Plasticity Project: An NSF-PGRP project (MCB-1238243) has developed nuclear isolation (INTACT) and ribosome immunopurification (TRAP) technologies for isolation of chromatin, nuclear RNA and ribosome-associated mRNA in rice, tomato and Medicago to study responses to drought and submergence. A collection of lines to access cell-specific nuclei and translatomes has been established and is now being employed. Our collaborators are the Brady and Sinha labs at UC Davis and the Deal lab at Emory University. Researchers: Germain Pauluzzi, Mauricio Reynoso and many undergraduates Project Website: http://plant-plasticity.github.io/.

SECRETome Project: The Systematic Evaluation of CellulaR ExporT from plant cells is a new NSF-PGRP project (MCB-1546879) in which we will explore gene activity and function of cells of rice that are involved in diverse secretory processes.  Collaborators: Thomas Girke (UC Riverside); Wolf Frommer (Carnegie Institution for Science); Bing Yang (Iowa State University).

Related Press Releases:

Selected Publications:

List of publications from PubMed

Lab Personnel: 

Bazin, Jérémie (Marie Curie Fellow)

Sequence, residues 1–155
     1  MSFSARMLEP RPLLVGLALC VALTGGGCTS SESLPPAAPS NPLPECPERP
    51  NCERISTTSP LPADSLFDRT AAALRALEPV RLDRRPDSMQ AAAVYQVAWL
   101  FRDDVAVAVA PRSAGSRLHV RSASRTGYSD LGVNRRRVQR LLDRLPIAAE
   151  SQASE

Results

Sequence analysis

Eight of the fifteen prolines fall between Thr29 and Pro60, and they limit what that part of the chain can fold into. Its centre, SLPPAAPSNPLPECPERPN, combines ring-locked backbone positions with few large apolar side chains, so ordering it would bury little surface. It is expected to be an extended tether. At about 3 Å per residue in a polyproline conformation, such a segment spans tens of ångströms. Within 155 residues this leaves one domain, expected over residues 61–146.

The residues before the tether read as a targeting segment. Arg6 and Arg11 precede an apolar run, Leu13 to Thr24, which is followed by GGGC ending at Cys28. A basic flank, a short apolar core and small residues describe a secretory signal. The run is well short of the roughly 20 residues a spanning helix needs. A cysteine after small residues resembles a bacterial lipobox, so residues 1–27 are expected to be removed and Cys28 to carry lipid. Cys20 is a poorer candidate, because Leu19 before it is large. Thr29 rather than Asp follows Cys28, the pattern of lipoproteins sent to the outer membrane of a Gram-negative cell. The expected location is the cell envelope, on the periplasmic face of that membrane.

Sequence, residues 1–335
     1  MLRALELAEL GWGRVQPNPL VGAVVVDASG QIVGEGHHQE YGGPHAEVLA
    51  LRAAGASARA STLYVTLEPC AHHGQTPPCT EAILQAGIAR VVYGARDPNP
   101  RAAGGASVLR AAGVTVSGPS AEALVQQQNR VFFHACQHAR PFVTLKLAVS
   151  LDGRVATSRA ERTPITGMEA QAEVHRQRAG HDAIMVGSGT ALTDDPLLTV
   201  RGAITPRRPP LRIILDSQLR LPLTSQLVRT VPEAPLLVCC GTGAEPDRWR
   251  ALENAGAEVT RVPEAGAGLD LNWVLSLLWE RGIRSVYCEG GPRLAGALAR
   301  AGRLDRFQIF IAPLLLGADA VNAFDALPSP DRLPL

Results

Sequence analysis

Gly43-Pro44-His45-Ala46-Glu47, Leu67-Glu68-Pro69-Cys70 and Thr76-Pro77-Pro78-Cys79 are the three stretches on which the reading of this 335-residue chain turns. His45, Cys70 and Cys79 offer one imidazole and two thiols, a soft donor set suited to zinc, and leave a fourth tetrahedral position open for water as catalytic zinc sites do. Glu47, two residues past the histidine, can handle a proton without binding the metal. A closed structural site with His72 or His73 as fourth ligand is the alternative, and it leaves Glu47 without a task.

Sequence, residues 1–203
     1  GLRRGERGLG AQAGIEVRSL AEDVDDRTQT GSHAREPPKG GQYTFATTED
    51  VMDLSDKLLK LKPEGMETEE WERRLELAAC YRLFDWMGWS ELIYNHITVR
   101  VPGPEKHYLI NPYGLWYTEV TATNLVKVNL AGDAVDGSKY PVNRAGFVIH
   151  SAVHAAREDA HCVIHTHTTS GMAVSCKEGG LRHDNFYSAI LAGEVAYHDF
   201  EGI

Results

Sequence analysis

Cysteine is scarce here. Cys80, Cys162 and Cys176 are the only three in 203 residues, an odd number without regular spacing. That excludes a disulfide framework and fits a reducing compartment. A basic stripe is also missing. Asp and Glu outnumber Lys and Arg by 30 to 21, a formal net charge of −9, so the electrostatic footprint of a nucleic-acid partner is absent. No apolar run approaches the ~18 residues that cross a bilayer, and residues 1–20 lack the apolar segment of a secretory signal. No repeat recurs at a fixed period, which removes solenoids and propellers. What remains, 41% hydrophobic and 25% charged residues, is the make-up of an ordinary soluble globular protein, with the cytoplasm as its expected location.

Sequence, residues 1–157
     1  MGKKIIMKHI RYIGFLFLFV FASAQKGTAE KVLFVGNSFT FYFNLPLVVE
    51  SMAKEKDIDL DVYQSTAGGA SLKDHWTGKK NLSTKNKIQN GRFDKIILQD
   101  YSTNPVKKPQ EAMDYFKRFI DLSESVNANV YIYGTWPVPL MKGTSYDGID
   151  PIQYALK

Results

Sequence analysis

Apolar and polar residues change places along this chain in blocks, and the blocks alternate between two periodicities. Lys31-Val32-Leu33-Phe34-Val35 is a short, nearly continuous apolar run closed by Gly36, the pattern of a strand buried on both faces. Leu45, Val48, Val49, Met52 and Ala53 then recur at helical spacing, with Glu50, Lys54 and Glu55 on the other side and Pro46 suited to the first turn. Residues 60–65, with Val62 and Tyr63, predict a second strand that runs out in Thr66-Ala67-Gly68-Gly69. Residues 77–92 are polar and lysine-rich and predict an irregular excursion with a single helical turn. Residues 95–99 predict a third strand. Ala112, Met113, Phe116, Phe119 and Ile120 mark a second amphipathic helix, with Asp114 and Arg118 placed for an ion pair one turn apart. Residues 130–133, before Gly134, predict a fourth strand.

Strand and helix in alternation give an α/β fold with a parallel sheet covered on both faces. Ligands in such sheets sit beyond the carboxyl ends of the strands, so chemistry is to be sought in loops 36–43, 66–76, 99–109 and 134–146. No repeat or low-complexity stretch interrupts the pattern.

Postdoctoral Researcher — TransPho – Elucidation of the role of non-protein coding RNAs in phosphate starvation using advanced tools for cell-specific gene regulation analyses
Brinton, Erin (NSF Predoctoral Fellow)
PhD Student — Characterization of anaerobic germination and submergence responses in maize; Group VII ERFs
Chantarachot, Thanin (George) (Royal Thai Fellow)
PhD Student —  The RNPome Project: Identification and characterization of RNA binding proteins that sequester mRNAs during low oxygen stress
Dedow, Lauren (NSF Predoctoral Fellow)
PhD Student — The RNPome Project: Deciphering roles of cytosolic RNA binding proteins in gene regulation
Hummel, Maureen
Postdoctoral Researcher — The RNPome Project: Deciphering roles of cytosolic RNA binding proteins in gene regulation
Huynh, Ngoc
PhD Student — The Sub1 Project: Metabolite profiling; development of new methods for metabolite analysis including resolution, identification and quantitation
Lee, Travis
PhD Student —  Sensing, signaling and response mechanisms to low-oxygen and flooding in Arabidopsis; characterization of proteins of unknown function
Locke, Anna
Postdoctoral Researcher— The Sub1 Project: Roles of rice SUB1A in regulation of post-submergence recovery
Pauluzzi, Germain
Postdoctoral Researcher — The Plasticity Project: Rice root developmental plasticity; tools for gene regulation studies in rice
Rejbana, Alam (Beachell-Borlaug International Scholar)